Leonard Roche

Leonard Roche Image
Location of Interview
Collection Name

The Working Waterfront Festival Community Documentation Project


The Working Waterfront Festival Community  Documentation Project is an ongoing oral history project documenting the history and culture of the commercial fishing industry and other port trades. The project was begun in 2004 in conjunction with the Working Waterfront Festival, an annual, education celebration of commercial fishing culture which takes place in New Bedford, MA. Interviewees have included a wide range of individuals connected to the commercial fishing industry and/or other aspects of the port through work or familial ties. While the majority of interviewees are from the port of New Bedford, the project has also documented numerous individuals  from other ports around the country. Folklorist and    Festival Director Laura Orleans and Community Scholar/Associate Director Kirsten Bendiksen are Project Leaders. The original recordings reside at the National Council for the Traditional Arts in Maryland with listening copies housed at the Festival's New Bedford office.

Date of Interview

Laura Orleans

Biographical Sketch

Dr. Leonard Roche is a retired fisherman and educator from New Bedford, Massachusetts. Born into a family of Newfoundland descent, Roche has a rich history in the fishing industry, having started his career as a lumper before transitioning into roles that allowed him to represent the fishing industry in various organizations, such as Boat Owners United and the Northwest Atlantic Fisheries Treaty Organization. In addition to his work in the fishing industry, Roche also had a simultaneous career in education, serving as a school principal. His unique background and experiences have given him a deep understanding of the fishing industry's history, its evolution, and the challenges it faces.

Scope and Content Note
This interview with Dr. Leonard Roche, conducted by Madeleine Hall-Arber and transcribed by Laura Orleans, took place on September 25, 2010, at the Working Waterfront Festival. The interview provides a comprehensive look into Roche's life and experiences in the fishing industry, as well as his insights into the industry's evolution and challenges. Roche discusses his family background, his start in the industry as a lumper, and his work with Gerry Studds on the Studds-Magnuson Bill. He also shares his experiences representing the fishing industry in various organizations and his views on the relationship between the fishing communities in Newfoundland and New Bedford. The interview also delves into the changes in the fishing industry, including the trend towards corporatization, the dissolution of unions, and the impact of regulations. Roche also shares stories from his time in the industry, including the story of Fish Mary, the changes in technology and navigation methods, and the impact of foreign factory ships. In the second part of the interview, Roche discusses the changes in the industry in the late 1970s and early 1980s, including the introduction of corporate fleets and the impact of drugs. He also shares his concerns about licensing limiting the entry of new people into the industry and the importance of having an education to fall back on. The interview provides a valuable historical perspective on the fishing industry, its evolution, and the challenges it faces, making it a valuable resource for researchers interested in the history of the fishing industry in New Bedford and the broader Atlantic region.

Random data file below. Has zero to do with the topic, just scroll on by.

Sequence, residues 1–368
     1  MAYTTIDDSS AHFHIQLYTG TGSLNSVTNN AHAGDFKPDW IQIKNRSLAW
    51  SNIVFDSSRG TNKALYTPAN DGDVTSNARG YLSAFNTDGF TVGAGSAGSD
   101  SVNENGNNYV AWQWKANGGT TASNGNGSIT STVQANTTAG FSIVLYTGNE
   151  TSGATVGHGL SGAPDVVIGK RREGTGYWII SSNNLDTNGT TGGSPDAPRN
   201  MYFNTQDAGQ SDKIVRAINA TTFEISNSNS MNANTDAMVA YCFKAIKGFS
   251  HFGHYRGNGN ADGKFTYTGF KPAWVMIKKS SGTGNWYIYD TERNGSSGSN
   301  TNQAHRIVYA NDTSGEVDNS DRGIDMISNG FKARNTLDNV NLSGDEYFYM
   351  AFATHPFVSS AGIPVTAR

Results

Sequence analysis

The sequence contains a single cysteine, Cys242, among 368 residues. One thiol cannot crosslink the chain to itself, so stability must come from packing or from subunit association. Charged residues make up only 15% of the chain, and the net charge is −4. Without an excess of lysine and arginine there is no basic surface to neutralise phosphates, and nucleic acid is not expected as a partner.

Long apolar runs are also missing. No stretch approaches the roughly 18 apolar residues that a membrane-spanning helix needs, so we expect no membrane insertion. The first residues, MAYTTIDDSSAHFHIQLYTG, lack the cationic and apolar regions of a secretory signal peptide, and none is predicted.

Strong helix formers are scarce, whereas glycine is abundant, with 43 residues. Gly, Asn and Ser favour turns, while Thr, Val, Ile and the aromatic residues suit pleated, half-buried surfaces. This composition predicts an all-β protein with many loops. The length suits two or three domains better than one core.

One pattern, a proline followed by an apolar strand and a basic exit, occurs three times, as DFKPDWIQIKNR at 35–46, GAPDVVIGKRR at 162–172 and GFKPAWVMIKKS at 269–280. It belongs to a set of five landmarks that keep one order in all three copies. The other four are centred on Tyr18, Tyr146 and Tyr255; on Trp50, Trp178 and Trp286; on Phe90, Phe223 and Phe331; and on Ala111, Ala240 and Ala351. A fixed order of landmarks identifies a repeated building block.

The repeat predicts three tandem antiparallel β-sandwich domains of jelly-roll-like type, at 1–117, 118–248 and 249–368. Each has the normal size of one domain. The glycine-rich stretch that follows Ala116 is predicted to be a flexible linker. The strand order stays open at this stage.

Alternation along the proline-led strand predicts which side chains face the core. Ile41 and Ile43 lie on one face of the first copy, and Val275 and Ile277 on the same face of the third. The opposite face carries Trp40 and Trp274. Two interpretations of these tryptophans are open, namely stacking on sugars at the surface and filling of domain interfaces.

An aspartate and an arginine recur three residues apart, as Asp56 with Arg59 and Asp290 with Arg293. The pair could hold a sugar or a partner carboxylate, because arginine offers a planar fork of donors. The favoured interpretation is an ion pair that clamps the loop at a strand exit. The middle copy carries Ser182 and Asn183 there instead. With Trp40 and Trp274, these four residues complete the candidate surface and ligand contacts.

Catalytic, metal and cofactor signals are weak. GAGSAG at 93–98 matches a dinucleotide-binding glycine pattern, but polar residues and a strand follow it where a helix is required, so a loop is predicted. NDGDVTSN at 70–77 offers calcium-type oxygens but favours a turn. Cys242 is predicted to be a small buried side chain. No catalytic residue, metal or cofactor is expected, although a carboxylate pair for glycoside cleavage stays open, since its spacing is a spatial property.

Please Note: The oral histories in this collection are protected by copyright and have been created for educational, research and personal use as described by the Fair Use Doctrine in the U.S. Copyright law. Please reach out  Voices@noaa.gov to let us know how these interviews are being used in your research, project, exhibit, etc.  The Voices staff can help provide other useful resources related to your inquiry. 

The NOAA mission is to understand and predict changes in climate, weather, oceans, and coasts, to share that knowledge and information with others, and to conserve and manage coastal and marine ecosystems and resources. The Voices Oral History Archives offers public access to a wide range of accounts, including historical materials that are products of their particular times, and may contain offensive language or negative stereotypes.

Voices Oral History Archives does not verify the accuracy of materials submitted to us. The opinions expressed in the interviews are those of the interviewee only. The interviews here have been made available to the public only after the interviewer has confirmed that they have obtained consent.